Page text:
200.0061 Original Property. For purposes of the statutes permitting the transfer of base year values for persons over age 55, each unit of a multiunit dwelling shall be considered a separate "original property." If a person lives in one side of a duplex he or she owns, only the value of the one side may be considered in determining whether or not the "equal or lesser value" requirement of Revenue and Taxation Code section 69.5 has been satisfied. C 9/21/1989.

200.0062 Original Property. The status of a property as a duplex or a single family residence is, for purposes of Revenue and Taxation Code section 69.5, determined as of the date the property is sold. An owner claiming that a duplex has been converted to a single family residence has the burden of establishing that is so; otherwise each unit of a duplex is to be considered as a separate original property. C 6/13/1990.

200.0063 Original Property. A mobilehome subject to the Motor Vehicle License Fee and located on land owned by the claimant does not qualify as original property for purposes of Revenue and Taxation Code section 69.5. "Original property" as used in section 69.5(e) requires that the property include the place of abode, that is, that the transfer of the place of abode must constitute either a change in ownership which subjects it to reappraisal either in accordance with Revenue and Taxation Code section 110.1 or Revenue and Taxation Code section 5803, or result in a base year value determined in accord with section 69.5. C 3/23/1989; C 6/26/1991.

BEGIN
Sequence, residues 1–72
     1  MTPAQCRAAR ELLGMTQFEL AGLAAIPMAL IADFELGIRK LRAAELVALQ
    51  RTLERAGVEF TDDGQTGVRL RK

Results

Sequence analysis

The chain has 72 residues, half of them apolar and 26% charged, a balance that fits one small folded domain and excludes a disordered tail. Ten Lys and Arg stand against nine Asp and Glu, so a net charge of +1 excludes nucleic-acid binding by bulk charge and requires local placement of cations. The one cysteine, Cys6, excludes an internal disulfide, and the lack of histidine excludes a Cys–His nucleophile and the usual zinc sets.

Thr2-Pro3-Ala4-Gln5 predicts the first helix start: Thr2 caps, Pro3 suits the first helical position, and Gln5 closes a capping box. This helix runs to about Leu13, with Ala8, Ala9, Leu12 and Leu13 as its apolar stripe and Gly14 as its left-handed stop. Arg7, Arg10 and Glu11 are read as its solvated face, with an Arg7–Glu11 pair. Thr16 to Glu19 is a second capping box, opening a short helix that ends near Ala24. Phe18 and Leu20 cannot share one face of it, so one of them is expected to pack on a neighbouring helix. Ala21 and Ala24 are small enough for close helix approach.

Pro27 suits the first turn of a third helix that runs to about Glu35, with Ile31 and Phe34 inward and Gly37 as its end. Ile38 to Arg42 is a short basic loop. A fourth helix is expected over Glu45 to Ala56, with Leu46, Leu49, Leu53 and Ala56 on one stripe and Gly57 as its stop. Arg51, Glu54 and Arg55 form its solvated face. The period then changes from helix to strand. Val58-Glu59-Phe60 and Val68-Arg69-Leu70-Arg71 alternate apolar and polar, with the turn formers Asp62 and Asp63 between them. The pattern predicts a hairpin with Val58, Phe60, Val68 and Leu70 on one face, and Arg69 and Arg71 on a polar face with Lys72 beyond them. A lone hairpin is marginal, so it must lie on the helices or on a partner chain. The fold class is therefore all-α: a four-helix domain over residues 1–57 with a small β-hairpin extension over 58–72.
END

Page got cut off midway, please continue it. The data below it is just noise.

200.0064 Original Property. In making the value comparison between an original property and a replacement property, the value of structures on the original property other than the principal place of residence must be excluded. C 9/6/1994.

200.0065 Original Property. C 10/28/1994. (Deleted 2002)

200.0066 Original Property. Revenue and Taxation Code section 69.5(e) requires the assessor, upon the sale of original property, to determine a new base year value for the property, and it provides that the section shall not apply unless the transfer of the original property is a change in ownership that subjects the property to reappraisal at its current fair market value in accordance with Revenue and Taxation Code section 110.1. Conversely, there is no provision for the sale of a partial interest in an original property. C10/7/1997.